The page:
Hope received her teaching degree from the University of Minnesota in 1982 and has teaching certification in Minnesota in Secondary Social Sciences and American Indian Language and Culture. Her Florida teaching certificates include: Social Sciences, Elementary Ed., Pre-Kindergarten and English as a Second Language. Hope’s graduate work was in Environmental Education.
She attends language tables, present at the Fond du Lac Language Camp, and completed third year Ojibwe at the University of Minnesota. Hope enjoys teaching and learning about plants, birchbark work, fishing, camping, craftwork and traveling.
Boozhoo! Binesi bi dagoshin indizhinikaanigoo. Makwa indoodem. Gaawaababiganikaag indoonjibaa. Mii omaa Gakaabikaang ingii ondaadiz. Anishinaabewi a’aw ninoos. Negwanabi izhinikaazo. Gaawiin dash Anishinaabewisii a’aw nimaamaa. Aapiji go apiitendamaan o’ow gidinwewininaan ow isa Ojibwemowin. Miinawaa gaye apiitendamaanan onow Anishinaabe izhitwaawinan. Mii- go bijiinag wejibwemoyaan. Weweni dash, ninanda gikendaan ow Ojibwemowin ji- wiidookawagwaa ogow abinoojiiyag ji minwaadiziwaad ezhi- ani- gikenimidizowaad.
Zach works as an Ojibwe immersion classroom teacher at the Four Directions/Family Partnership Program. He is from White Earth and is bear clan. Zach was born in Minneapolis and enjoys teaching and learning the Ojibwe language. He enjoys attending ceremonies and partaking in some of the gifts from the Creator such as Harvesting Manoomin in the fall and tapping Maple trees in the spring. He also enjoys singing at Pow-wows and ceremonies and enjoys working with birch bark. Zach acquired a lot of these skills from two of his We’ehnyag (namesakes) Jim and Pat Northrup. Zach has three children and believes wholeheartedly that strength is gained through nurturing our children in the language.
Bernadette Cisneros AKA ( Ete Ska ) Came to work for Wicoie October 1st, 2011. She is an enrolled member of the Oglala Sioux Tribe, Pine Ridge Indian Reservation. She is a first Language Lakota speaker and is working at the Anishinabe Academy with the Dakota High-5 class. Bernadette has some experience working with kids in the past; she has worked in a Head Start class room and she was in the medical field before coming to the program, working with pediatricians, children and adolescents. Bernadette likes to read, walk around the lake, and fix puzzles on her spare time.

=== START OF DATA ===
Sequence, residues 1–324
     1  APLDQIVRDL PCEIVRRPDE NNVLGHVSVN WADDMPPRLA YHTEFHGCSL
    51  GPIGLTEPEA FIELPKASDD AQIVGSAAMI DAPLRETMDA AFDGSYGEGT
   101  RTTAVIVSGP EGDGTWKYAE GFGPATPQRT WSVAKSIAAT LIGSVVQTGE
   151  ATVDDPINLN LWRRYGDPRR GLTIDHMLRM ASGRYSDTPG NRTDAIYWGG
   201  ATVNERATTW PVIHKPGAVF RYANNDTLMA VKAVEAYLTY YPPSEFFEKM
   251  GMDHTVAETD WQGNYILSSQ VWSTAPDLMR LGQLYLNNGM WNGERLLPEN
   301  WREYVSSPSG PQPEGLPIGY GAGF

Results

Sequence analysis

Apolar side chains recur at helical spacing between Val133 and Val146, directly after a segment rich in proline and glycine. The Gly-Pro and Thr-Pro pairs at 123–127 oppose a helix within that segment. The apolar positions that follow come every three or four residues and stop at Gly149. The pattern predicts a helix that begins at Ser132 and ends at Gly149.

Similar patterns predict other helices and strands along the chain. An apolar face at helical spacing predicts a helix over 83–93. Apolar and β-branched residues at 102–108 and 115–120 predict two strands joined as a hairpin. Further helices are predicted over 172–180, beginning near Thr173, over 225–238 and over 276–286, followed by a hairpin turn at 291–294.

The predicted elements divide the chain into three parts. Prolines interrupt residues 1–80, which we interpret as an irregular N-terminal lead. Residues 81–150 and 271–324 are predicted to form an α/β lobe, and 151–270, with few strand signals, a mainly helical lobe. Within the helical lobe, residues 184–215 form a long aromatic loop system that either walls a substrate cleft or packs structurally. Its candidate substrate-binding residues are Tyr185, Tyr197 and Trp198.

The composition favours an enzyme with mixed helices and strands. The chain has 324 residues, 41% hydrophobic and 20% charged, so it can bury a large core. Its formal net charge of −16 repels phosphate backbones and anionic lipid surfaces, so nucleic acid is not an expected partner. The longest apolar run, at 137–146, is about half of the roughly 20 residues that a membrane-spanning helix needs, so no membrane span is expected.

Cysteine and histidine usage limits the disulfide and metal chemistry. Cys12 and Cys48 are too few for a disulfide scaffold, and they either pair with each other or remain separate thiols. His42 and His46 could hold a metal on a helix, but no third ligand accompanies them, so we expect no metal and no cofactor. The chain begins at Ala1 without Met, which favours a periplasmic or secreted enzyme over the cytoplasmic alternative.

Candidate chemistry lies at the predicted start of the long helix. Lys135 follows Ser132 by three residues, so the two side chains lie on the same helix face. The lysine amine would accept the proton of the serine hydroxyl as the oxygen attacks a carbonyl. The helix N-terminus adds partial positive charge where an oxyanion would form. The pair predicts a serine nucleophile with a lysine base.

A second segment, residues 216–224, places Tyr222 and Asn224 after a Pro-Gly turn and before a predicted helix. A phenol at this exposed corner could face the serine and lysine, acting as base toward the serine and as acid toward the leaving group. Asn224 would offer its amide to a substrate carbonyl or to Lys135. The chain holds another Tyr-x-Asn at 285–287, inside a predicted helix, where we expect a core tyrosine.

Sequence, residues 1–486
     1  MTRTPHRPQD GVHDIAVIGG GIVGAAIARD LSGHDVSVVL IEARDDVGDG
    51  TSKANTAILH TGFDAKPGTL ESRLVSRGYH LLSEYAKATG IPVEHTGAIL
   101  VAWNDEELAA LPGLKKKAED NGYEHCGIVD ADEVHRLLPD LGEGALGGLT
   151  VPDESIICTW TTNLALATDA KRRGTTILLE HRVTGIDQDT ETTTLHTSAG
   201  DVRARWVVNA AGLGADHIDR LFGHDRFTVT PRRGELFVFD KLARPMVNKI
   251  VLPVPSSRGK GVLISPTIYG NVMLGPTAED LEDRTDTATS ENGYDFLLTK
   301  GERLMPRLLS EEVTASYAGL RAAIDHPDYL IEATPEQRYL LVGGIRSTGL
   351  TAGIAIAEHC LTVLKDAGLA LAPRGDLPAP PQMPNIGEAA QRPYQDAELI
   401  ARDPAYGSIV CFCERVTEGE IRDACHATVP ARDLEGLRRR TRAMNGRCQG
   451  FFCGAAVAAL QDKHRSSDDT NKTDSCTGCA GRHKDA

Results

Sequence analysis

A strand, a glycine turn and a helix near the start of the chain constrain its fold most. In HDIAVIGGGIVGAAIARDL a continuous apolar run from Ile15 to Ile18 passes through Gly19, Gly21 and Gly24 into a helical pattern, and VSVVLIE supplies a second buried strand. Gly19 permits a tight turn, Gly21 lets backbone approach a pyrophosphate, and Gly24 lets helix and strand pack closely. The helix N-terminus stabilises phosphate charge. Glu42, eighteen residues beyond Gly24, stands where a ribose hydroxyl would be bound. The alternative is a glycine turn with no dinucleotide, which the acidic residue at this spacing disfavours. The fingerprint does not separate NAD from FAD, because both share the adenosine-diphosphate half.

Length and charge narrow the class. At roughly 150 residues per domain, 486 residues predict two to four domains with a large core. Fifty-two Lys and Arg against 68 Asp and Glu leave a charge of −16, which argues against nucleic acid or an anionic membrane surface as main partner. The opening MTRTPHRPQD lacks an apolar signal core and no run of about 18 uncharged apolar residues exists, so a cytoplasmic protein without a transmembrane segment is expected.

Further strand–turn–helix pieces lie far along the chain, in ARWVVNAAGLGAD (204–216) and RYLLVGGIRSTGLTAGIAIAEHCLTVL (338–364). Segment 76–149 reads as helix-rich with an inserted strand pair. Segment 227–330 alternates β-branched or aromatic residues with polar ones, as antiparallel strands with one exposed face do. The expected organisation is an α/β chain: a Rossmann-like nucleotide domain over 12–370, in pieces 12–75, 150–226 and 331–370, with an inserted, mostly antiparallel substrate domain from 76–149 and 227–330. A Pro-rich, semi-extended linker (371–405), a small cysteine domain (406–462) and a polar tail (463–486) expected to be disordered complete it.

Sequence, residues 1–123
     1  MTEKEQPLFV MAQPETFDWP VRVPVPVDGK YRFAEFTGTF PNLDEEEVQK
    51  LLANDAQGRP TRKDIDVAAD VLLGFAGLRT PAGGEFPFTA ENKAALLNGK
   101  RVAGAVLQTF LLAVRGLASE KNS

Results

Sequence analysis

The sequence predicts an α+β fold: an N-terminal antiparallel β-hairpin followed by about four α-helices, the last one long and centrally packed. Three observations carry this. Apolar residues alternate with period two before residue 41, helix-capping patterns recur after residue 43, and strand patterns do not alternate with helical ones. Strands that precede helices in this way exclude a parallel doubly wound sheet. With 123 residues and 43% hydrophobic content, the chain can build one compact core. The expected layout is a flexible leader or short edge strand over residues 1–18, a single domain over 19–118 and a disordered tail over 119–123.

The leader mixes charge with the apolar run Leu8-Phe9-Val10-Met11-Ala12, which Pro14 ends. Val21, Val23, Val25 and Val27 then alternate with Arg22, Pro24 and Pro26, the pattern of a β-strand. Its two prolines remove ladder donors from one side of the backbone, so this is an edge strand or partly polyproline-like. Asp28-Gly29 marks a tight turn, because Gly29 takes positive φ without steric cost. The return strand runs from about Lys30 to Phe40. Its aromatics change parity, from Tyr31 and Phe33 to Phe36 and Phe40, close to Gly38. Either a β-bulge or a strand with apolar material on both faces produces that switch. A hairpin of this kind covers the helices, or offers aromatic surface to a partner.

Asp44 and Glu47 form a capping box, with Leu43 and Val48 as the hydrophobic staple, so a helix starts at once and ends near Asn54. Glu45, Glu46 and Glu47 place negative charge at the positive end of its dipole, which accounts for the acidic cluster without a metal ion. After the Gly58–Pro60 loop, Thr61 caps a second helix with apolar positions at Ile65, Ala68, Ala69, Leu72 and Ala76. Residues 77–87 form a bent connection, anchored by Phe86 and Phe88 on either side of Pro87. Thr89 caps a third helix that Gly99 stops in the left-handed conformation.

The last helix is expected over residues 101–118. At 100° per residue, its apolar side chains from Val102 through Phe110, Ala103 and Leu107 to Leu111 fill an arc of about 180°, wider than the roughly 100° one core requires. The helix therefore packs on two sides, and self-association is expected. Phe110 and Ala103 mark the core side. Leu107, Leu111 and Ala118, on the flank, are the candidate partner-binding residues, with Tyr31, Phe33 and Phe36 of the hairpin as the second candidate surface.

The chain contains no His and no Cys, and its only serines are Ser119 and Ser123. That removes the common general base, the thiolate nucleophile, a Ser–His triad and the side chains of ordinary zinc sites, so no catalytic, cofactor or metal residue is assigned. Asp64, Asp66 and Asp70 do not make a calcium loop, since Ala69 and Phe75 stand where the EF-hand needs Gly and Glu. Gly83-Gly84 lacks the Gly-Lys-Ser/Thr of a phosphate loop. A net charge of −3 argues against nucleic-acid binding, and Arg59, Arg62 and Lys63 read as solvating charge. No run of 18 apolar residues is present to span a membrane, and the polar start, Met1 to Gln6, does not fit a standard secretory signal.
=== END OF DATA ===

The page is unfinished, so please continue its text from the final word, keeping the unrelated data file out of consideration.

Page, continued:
Katie Jo Wo Okiye Blue
Katie Jo came to work for the Wicoie in August of 2012. Her Dakota name is Wó Okiye Wiƞ and she is Dakota from the Sisseton Wahpeton Oyate. She is a member of the Upper Sioux community and cherishes the Dakota Language. Katie has a daughter who is seven years old and a son who is five years old. She has studied Dakota language for four years now through the University of Minnesota and working with a Master speaker. Her interests include going on family trips, traveling, biking, jogging, outdoors, powwow dancing, sewing, beading, and living the Dakota way of life. She loves working with children and is looking forward to a fun year of Dakota language, traditions and teachings with the class.
Jarydd Boston has been learning Dakota Language for five years now. He earned his BA in American Indian Studies at the University of Minnesota with a focus on Dakota Language. He is working as one of the speakers in the Dakota Hi-5 classroom. Jarydd is not affiliated with a tribe, but is still dedicated to the teaching and learning of the Dakota Language. He has worked at a substitute teacher for the Dakota room and as a teacher’s assistant for the 2nd and third year Dakota classes at the U of M. He was hired as a speaker for the program after winter break 2011. He loves to camp and takes regular weekend camping trips to the north shore. His experience with scouts has been a great experience for him, giving experience working with youth in different environments.
Aaniin! Michelle Goose indizhinikaaz. Makwa indoodem. Gaa-zagaskwaajimekaag indoonjibaa. Indazhiikaan curriculum miinawaa gaye niwiidookaage imaa gikinoo’amaadiwigamigong. Mii imaa University of Minnesota gaa-tazhi-gikinoo’amaagoziyaan. Ayaangodinong ingikinoo’amaage imaa Anishinabe Academy miinawaa gaye Four Directions (Family Partnership). Indazhiikaan Ojibwemotaadidaa Omaa Gidakiiminaang/Ojibwe Immersion Academy ezhinikaadeg. Miinawaa gaye Great Lakes Indian Fish and Wildlife Commission indazhi-anokii anikanoobii’igeyaan. Ingichi-minwendaan naaniimiyaan miinawaa gabeshiyaan imaa niimidi’iing. Miinawaa gaye ingichi-minwendaan agwajiing ayaayaan.
Hello! My name is Michelle Goose. My clan is the bear. I am from Leech Lake. I work on the curriculum and I also help out in the immersion classrooms. I graduated from the University of Minnesota with a degree in Psychology and American Indian Studies with an Ojibwe language emphasis. Sometimes I teach in the Ojibwe classrooms at Anishinabe Academy and Four Directions (Family Partnership). I am working on the Ojibwe Immersion Academy project through the Fond du Lac Tribal and Community College. I also work for the Great Lakes Fish and Wildlife Commission transcribing traditional stories for the Gidaadizookaaninaanig project. I love dancing and camping at pow-wows. I also love being outdoors.
Allison Kirby started working at Wicoie Nandagikendan in August of 2009 as a Hi-5 Dakota language teacher. She graduated from the University of Minnesota in 2009 where she studied art and Dakota language. She is currently getting her masters in elementary education from the University of St. Thomas. When she is not working she enjoys sewing, traveling, relaxing, and outdoor activities like hiking, climbing, biking and camping.